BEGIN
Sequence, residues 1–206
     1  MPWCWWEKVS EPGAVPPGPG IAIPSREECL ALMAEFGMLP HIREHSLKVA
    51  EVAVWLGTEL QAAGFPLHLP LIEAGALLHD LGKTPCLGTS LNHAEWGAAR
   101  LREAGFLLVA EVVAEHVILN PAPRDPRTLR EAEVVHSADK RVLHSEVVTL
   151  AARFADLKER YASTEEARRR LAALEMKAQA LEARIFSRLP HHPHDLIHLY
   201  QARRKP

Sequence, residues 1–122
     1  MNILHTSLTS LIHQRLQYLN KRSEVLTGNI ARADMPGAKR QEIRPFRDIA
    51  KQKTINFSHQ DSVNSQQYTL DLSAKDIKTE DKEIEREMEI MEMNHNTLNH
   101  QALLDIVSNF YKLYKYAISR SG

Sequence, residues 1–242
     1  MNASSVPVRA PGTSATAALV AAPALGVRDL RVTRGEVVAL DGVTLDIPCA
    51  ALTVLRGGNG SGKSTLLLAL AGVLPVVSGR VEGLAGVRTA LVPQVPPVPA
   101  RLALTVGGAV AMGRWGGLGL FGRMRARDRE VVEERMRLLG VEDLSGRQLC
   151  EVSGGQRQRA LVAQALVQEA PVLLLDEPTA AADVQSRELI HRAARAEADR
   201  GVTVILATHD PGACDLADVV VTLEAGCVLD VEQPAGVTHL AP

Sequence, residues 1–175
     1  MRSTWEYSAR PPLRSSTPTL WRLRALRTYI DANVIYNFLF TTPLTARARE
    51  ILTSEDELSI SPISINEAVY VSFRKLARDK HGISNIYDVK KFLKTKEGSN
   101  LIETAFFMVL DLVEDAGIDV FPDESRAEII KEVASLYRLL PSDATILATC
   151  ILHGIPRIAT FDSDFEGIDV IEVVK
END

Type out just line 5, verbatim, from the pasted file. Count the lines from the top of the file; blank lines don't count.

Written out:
   151  AARFADLKER YASTEEARRR LAALEMKAQA LEARIFSRLP HHPHDLIHLY